• Whiteleaved Oak finally expires

    Sad day on Tuesday. I'd been told by someone at one of my recent talks that the celebrated Whiteleaved Oak had finally expired. Sitting on a small mound near the southern end of the Malvern Hills, the adjoining hamlet named after the tree (or its predecessor), the Whiteleaved Oak grew at the conjunction of three counties - Herefordshire, Worcestershire and Gloucestershire - as well as the meeting of several ley lines and had thus become a focal point for many people with a spiritual leaning. This had resulted in the tree hosting celebrations such as weddings, wakes, birthdays and anniversaries as well as gathering all manner of amulets and tokens of good luck, health and happiness (a tree sometimes called a rag tree or in Scotland a cloutie (cloth) tree - somewhat esoteric maybe, but rather beautiful in its own way.

    When I first met the tree back in 1990 I did get a certain sense of something special but inexplicable about the place & that was before so many followers had adopted it.

    How old was it? We can only guess, but 400-500 years wouldn't be out of the way. It will be missed by a host of tree lovers.

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  • New old image for a card

    Just acquired this rather splendid little image off the Internet - entitled 'Waiting to be washed', a flock of sheep, penned in with woven hurdles, wait patiently beneath an old oak tree amusingly displaying a 'Trespassers will be prosecuted' sign. Sadly, no location mentioned. Lantern slide c1900. I think it will make a good addition to the Pearson Bark Card range as people do seem drawn to sheepy cards.

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  • Annual escape to the mountains

    As October comes around once again it's time to don the walking boots and head for the hills - this year a fairly short excursion to Snowdonia, staying in the shadow of Cader Idris. The early signs were not very encouraging - driving rain Friday, driving rain and rivers bursting their banks Saturday, but Sunday dawned fair and as the morning wore on the sun stole out from behind the veil of cloud as we topped the mountain. I took my Scottie Flossie with me this year and she loved the scramble - little legs, but four wheel drive helps.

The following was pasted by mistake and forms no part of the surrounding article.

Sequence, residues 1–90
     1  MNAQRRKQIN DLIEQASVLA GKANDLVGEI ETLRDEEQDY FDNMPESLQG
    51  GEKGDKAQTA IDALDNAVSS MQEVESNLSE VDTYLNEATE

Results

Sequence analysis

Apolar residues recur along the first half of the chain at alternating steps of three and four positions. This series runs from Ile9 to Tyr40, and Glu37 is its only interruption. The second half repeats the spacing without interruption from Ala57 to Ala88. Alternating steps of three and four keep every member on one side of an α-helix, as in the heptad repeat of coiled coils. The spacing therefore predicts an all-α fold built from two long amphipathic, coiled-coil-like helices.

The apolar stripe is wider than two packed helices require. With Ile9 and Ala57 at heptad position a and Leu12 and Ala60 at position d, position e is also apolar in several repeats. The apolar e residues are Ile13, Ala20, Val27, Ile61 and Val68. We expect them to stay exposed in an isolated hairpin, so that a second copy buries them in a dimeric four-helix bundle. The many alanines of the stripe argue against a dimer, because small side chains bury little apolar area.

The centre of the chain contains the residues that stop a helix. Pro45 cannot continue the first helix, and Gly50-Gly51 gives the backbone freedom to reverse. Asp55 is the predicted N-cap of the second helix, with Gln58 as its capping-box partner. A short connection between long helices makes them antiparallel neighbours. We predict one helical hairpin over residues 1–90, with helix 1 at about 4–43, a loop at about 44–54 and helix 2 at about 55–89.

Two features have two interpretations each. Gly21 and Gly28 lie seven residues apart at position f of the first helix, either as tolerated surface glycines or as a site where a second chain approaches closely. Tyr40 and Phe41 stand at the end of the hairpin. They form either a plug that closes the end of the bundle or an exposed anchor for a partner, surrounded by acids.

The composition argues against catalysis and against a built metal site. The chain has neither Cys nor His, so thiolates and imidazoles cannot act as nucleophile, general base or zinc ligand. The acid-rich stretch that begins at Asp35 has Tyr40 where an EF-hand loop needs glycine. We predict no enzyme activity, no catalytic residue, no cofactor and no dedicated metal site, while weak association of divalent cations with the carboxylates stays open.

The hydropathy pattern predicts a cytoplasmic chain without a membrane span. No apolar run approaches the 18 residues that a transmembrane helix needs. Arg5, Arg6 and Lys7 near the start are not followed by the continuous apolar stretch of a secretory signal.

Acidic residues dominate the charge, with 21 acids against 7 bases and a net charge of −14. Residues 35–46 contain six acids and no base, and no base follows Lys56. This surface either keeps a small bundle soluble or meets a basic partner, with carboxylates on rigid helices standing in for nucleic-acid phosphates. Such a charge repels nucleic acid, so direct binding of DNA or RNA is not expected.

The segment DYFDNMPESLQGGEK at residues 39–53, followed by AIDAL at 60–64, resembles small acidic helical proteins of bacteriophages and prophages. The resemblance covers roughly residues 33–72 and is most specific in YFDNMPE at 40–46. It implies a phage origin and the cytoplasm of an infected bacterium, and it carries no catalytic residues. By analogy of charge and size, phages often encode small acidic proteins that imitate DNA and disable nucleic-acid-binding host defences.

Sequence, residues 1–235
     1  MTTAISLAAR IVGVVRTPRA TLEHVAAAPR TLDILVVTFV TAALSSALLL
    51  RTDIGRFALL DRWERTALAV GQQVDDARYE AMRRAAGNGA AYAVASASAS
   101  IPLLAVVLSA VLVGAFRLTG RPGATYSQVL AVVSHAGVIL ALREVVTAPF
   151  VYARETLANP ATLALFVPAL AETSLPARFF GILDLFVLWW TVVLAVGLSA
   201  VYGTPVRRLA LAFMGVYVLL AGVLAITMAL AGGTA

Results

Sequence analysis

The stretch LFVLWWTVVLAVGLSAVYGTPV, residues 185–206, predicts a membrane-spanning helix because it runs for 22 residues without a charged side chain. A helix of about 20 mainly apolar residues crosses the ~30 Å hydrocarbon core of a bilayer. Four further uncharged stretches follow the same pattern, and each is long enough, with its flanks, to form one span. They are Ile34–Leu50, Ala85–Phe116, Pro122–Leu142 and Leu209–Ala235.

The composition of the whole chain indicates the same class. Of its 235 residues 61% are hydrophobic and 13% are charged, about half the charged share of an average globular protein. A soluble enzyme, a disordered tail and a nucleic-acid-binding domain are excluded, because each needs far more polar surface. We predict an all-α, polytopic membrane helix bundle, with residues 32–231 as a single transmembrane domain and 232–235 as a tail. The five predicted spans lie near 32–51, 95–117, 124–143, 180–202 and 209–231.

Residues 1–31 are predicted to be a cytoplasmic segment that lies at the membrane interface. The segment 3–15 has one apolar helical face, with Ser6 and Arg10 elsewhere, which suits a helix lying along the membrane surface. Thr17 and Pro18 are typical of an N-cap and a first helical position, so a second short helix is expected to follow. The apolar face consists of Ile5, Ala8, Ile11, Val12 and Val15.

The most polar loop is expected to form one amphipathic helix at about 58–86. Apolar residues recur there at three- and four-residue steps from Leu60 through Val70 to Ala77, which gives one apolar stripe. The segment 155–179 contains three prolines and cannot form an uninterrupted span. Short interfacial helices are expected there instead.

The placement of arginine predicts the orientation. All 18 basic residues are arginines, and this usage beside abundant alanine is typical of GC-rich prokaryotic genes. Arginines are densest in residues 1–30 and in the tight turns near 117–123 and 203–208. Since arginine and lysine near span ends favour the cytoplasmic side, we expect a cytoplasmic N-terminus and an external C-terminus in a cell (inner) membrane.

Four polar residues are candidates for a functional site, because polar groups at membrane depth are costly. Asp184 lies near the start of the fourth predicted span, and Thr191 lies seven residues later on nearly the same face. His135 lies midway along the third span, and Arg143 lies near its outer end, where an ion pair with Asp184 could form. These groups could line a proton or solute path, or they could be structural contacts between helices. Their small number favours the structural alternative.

Peering off the northern edge of Cader into the clouds sweeping by far below the backlighting sun created a Brocken spectre - something I've only ever witnessed once before. October light on the mountains is often remarkable and Sunday was no exception. Monday morning was pretty good too.

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  • Two new ancient yews for the archive

    Two new images of ancient yews recently added to the historical tree archive:

    The Aldworth Yew in St. Mary's churchyard, Aldworth, Berkshire has been a well documented tree from 1644 through to 1972, but it was badly damaged in a storm in 1976. Much diminished & struggling when viewed in 2008, its girth in this image would have been around 27 feet, but it is now about half of that.

    (information gleaned from Ancient Yew Group website)

    This lantern slide dates to around 1905-10, but who were the two chaps conversing beneath the yew? The gent on the left would appear to be the local vicar, while the 'visitor' dressed in what would appear to be warm, protective clothing for the rigours of early motoring has left his car in the adjoining lane.

    The Lorton Yew by W.H. Youdale (convceniently titled at the bottom of the lantern slide) is another ancient and well known yew in Cumbria. Perhaps a trifle earlier in date - around 1895 - 1900. Again, one wonders who the old chap in the foreground might be. This tree still very much in existance & featured in several books about yews and ancient trees, but is most famous as the yew celebrated in lines from one of Wordsworth's poems, written in 1803 -

    'There is a yew-tree, pride of Lorton Vale

    Which to this day stands single, in the midst

    Of its own darkness, as it stood of yore.'

    Both scarce images that I have never seen before.

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  • Up in the mountains & down with the Gothic rocks

    That spell in Spain seems a long time ago already, but thought you might like to enjoy the surroundings of our accommodation - a converted barn on an old farmstead - set atop a tree-clad valley beneath the Sierra Crestellina.

    And yet we still made it down to the coast three times - to a tiny little beach near San Diego where I discovered these truly weird Gothic rock formations. I am no geologist, but assume that all these honeycomb forms have been eroded by water action over millions of years.

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Archie Miles photography

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